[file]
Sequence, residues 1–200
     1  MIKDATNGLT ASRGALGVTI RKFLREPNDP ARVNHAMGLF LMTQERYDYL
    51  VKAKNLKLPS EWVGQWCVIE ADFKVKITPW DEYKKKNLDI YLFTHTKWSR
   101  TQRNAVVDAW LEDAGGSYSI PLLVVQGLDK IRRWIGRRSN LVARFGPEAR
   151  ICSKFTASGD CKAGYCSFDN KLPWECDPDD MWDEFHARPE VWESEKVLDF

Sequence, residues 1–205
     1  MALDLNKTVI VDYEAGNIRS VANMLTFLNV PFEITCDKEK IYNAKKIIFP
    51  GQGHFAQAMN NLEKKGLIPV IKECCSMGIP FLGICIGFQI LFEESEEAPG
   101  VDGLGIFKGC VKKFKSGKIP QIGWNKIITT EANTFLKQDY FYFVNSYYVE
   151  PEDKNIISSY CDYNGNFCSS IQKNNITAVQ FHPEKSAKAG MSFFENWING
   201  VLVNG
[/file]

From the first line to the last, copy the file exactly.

Sequence, residues 1–200
     1  MIKDATNGLT ASRGALGVTI RKFLREPNDP ARVNHAMGLF LMTQERYDYL
    51  VKAKNLKLPS EWVGQWCVIE ADFKVKITPW DEYKKKNLDI YLFTHTKWSR
   101  TQRNAVVDAW LEDAGGSYSI PLLVVQGLDK IRRWIGRRSN LVARFGPEAR
   151  ICSKFTASGD CKAGYCSFDN KLPWECDPDD MWDEFHARPE VWESEKVLDF

Sequence, residues 1–205
     1  MALDLNKTVI VDYEAGNIRS VANMLTFLNV PFEITCDKEK IYNAKKIIFP
    51  GQGHFAQAMN NLEKKGLIPV IKECCSMGIP FLGICIGFQI LFEESEEAPG
   101  VDGLGIFKGC VKKFKSGKIP QIGWNKIITT EANTFLKQDY FYFVNSYYVE
   151  PEDKNIISSY CDYNGNFCSS IQKNNITAVQ FHPEKSAKAG MSFFENWING
   201  VLVNG